Every modern company loves to tout its innovative methods. But what is innovation, and does it truly define the future for brands? Or is it just the latest buzzword?
To answer these questions, companies must understand the difference between invention and innovation: Businesses that build for the sake of building practice invention, while those that build to meet real market needs practice innovation. Only true innovation allows companies to create solutions that lead to meaningful growth and greater relevance.
But brands under constant pressure to innovate sometimes find themselves forced to invent instead. Skyrocketing tech growth seems to introduce new investment possibilities every week, and few companies have the resources to address each new advancement. When companies dedicate too many resources to keeping up with trends, they sacrifice their current product support in the process.
Rather than inventing for invention’s sake, then, brands should focus their research and development more tightly by identifying market gaps, creating buzz for a new product or service that aligns with their overall offering, and proving that development is worth the wait. In this way, brands enjoy all the benefits of innovation without succumbing to the pressure to change.
Elements of Innovative Companies
Ultimately, innovation must be rooted in a business's culture. Apart from being dictated by processes, handbooks, or even parties, that culture exists in the DNA of the company, guiding relationships both internally and externally. Every organization has a unique culture — it can be toxic, indifferent, or the driving force of employee engagement and company growth. But any innovation-oriented culture relies on these fundamental characteristics:
- Leadership: While this point may seem obvious, leadership teams must set the tone for innovative cultures. They define what innovation means and set end goals for managers and employees. Leaders who set these definitions clearly also get everyone else working toward the same goal and craft a shared value system.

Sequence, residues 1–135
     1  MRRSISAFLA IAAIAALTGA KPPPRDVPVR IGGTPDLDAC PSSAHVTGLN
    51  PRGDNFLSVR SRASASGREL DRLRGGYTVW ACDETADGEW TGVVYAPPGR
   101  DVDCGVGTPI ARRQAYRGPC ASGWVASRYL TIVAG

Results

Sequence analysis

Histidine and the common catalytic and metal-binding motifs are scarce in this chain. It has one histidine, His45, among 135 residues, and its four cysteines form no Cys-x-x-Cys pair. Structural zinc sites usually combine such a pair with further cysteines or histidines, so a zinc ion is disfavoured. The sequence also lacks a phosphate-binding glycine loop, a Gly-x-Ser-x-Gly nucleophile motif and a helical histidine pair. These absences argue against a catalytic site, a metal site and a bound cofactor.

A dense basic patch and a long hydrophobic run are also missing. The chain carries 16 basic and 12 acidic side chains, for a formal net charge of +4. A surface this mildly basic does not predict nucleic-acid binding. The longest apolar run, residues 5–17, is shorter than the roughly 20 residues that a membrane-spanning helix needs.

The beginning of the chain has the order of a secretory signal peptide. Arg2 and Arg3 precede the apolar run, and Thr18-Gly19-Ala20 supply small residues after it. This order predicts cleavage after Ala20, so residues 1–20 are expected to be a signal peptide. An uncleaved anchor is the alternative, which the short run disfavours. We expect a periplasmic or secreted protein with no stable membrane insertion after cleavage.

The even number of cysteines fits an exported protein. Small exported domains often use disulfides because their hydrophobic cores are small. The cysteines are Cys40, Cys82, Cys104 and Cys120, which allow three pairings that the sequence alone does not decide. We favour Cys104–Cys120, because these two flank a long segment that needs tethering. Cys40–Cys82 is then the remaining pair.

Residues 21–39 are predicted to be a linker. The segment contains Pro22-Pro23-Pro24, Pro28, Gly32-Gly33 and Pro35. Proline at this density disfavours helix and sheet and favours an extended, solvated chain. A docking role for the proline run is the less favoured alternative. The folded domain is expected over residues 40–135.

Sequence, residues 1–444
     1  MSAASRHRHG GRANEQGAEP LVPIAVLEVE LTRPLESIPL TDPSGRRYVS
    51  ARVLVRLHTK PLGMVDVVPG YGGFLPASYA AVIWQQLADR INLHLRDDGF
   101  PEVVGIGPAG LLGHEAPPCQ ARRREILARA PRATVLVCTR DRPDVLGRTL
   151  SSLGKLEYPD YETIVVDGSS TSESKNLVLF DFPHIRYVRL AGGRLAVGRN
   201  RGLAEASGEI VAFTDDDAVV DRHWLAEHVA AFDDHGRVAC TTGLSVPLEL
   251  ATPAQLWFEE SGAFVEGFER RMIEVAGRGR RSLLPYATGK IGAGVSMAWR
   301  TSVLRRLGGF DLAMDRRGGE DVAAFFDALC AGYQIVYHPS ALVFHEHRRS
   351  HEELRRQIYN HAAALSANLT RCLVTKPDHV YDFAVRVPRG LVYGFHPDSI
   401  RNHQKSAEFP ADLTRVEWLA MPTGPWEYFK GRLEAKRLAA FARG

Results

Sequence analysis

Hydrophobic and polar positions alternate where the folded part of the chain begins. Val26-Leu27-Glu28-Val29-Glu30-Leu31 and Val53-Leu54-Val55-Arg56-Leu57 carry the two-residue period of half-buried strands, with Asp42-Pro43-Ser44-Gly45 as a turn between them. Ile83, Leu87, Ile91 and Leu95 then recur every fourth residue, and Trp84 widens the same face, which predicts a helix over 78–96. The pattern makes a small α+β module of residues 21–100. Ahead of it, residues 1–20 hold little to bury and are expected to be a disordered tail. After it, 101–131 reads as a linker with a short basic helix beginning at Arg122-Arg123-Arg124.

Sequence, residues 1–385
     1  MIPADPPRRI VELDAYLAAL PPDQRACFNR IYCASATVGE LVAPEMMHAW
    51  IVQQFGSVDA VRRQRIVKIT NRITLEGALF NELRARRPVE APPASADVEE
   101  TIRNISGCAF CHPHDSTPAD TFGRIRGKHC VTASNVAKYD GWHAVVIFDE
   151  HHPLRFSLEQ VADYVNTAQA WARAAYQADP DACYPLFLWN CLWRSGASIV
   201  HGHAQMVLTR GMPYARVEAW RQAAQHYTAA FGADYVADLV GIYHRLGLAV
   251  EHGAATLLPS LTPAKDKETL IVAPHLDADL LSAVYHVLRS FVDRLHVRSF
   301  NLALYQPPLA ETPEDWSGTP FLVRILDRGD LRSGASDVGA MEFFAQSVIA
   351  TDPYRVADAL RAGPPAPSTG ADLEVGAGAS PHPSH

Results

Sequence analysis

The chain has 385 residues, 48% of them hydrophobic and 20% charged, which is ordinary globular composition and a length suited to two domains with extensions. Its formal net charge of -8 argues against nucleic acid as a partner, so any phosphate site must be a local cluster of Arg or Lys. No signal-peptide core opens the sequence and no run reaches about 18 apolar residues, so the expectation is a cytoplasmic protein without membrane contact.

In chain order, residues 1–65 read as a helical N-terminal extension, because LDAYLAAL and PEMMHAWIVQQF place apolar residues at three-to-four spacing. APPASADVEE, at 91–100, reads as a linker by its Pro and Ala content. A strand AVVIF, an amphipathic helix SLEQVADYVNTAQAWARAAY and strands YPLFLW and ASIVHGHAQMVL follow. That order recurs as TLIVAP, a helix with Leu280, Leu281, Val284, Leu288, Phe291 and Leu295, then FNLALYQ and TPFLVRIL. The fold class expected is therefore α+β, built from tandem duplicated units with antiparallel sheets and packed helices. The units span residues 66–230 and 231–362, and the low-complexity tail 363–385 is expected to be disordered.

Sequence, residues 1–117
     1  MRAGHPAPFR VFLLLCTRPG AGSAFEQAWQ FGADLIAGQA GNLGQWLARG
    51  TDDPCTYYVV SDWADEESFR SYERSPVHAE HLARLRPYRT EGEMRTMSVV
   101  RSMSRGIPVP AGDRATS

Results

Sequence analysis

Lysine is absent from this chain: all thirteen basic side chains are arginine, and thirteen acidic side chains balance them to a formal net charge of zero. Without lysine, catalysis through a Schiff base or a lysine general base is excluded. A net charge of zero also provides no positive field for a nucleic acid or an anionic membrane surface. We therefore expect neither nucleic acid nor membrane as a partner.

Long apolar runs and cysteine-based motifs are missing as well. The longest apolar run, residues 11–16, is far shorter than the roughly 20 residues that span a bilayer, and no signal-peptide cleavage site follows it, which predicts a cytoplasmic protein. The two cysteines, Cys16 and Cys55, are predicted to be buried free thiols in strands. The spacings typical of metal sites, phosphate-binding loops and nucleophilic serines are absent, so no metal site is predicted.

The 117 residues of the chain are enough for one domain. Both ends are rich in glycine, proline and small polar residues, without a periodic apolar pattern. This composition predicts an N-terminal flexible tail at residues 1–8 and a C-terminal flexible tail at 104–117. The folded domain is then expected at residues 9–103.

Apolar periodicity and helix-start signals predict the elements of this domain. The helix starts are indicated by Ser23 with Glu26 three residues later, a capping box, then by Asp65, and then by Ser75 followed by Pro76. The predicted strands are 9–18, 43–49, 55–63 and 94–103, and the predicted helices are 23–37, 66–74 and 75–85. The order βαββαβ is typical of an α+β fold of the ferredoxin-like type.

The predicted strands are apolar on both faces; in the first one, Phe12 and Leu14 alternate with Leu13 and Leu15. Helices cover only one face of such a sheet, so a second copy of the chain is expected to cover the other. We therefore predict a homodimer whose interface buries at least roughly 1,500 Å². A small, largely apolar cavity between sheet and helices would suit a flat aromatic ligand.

- Intelligence: To ensure innovation rather than invention, companies should place intelligence at the heart of their cultures. Innovation efforts should be insight-driven, not anxiety-driven, and by focusing on a better understanding of markets, customers, products, tech, and data, companies can build sophisticated intelligence that renders a robust culture of innovation.
- Collaboration: The fewer organizational walls — teams, departments, regions, etc. — the more seamless innovation can be. Great ideas don’t always come from teams dedicated specifically to innovation, and organizational structures that allow anyone with a great idea to get that idea moving benefit much more than those inhibited by rigid silos.
How to Create a Culture of Innovation
Still, it’s one thing to understand what a company culture needs to become in order to foster innovation and yet another to implement the changes successfully. By following these tips, you can develop a more innovative company culture:
1. Understand the Current Situation